I don't think continuity is a problem superhero comics have in trying to target wider audience or even 'middle-grade readers'. If you look at various forms of periodic fiction which is popular right now, whether it's TV or comics or cartoon or books, it's usually very continuity heavy. Many of the popular manga and anime are all about continuity and often much more anal about it than Marvel or DC superhero comics. People want to get invested and it works when you have nuances and details to hang into so that the world and characters feel real.
    But I think character bloat is a real problem. Too many issues have a character dropping in, throw a few punches and then disappear without explanation. For a longtime reader it's not a problem: "Oh nice to see that Falcon isn't forgotten after that nasty business with Hydra". But for someone who picks up the comic first time it feels confusing and cluttered. I think superhero comics could borrow few concepts from manga world, noticeably the big, self-contained arcs which allow for plot and character development without some event or crossover interrupting it every 5 minutes.
    Exactly.

    Readers like it when their investment is rewarded, and that's what continuity is for. And as you mention about manga, that's big in that group and it's even more specific.

    Conway talked about Harry Potter, well the thing about those books is that the character grew up and young kids who read the books with all 7 on the shelf, get a complete story about a kid who went from 11-17.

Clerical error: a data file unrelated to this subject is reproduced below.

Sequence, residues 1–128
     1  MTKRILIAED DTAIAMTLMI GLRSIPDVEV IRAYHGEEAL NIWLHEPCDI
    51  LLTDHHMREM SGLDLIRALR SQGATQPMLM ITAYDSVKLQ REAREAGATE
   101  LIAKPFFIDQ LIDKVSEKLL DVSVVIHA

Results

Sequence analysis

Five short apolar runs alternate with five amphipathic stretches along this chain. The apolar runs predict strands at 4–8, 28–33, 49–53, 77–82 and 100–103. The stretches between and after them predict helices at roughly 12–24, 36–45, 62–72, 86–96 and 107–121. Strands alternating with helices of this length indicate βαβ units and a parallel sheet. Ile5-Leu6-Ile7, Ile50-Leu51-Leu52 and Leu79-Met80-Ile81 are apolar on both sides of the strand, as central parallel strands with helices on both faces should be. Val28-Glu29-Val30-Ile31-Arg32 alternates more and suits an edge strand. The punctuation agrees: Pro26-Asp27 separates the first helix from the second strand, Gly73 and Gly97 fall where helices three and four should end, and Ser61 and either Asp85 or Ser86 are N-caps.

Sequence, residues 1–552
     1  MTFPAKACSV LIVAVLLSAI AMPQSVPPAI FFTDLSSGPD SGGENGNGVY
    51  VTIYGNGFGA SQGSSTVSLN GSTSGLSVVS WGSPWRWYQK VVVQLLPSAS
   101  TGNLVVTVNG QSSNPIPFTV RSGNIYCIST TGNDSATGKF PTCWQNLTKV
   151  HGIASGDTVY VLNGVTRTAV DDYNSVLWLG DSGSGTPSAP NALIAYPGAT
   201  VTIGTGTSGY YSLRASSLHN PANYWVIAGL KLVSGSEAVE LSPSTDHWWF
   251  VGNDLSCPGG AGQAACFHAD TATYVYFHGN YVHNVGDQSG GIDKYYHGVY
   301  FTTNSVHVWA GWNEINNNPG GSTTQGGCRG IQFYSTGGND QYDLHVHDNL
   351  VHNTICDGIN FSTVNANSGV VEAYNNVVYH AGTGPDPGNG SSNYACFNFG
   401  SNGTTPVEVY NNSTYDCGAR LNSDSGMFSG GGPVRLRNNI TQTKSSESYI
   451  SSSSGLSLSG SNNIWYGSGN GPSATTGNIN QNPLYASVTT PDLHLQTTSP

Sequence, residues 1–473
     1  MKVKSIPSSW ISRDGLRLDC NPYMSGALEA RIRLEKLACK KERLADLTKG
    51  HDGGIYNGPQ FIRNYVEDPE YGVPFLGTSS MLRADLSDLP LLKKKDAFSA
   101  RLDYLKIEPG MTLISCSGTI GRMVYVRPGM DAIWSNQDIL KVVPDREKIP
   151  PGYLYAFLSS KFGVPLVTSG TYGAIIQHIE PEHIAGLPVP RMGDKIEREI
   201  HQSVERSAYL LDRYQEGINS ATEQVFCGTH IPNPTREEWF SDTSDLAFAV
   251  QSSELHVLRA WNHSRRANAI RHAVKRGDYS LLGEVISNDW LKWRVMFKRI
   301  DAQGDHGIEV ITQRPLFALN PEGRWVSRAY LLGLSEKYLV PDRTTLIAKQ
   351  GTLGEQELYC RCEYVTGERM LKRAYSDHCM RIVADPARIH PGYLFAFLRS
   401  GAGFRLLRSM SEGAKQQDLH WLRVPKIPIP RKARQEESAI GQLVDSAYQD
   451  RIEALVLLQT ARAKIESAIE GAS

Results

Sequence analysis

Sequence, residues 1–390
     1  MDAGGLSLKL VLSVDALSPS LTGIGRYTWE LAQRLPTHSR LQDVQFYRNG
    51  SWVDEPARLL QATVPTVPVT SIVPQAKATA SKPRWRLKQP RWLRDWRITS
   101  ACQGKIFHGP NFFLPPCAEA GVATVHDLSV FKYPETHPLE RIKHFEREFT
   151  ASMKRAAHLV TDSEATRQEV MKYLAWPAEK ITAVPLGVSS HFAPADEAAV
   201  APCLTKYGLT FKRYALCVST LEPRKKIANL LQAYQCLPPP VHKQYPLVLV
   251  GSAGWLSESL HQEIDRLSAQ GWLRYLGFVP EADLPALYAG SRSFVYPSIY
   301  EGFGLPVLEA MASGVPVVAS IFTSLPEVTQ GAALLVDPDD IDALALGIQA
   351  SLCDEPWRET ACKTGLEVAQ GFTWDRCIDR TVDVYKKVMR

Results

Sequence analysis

Conway is making what is a distribution issue, and also a payment issue, into a content issue.

  14. #29
    Spectacular Member Ikari's Avatar
    Join Date
    May 2017
    Posts
    146

    Default

    Yes, later Harry Potter books are like 3 times the thickness and much darker and more mature than the first. It's not like Rowling wrote the same book 7 times in a row.

  15. #30
    Astonishing Member cranger's Avatar
    Join Date
    Apr 2014
    Posts
    4,774

    Default

    Quote Originally Posted by Revolutionary_Jack View Post
    When he puts his words out on public, it's up to people to interpret. Conway's sketch very much paints Marvel after Lee, and specifically Marvel after himself as a decline.



    On one hand he's being self-deprecating by saying he was part of the problem, but on the other hand that's also a self-aggrandizement because it belittles or ignores the contributions made after Conway, or ignores the fact that Marvel's readership increased substantially in the 80s.

    Conway erases or ignores the existence of readers who discovered Marvel through Secret Wars, who came into comics via X-Men and others who read those comics as kids in the '80s.
    You seem to be inferring blame where he is just revealing a trend. The exact dots on the chart are not important. Nothing he says is exactly a secret, it is just a backstory to support what he things the market needs now.

Posting Permissions

  • You may not post new threads
  • You may not post replies
  • You may not post attachments
  • You may not edit your posts
  •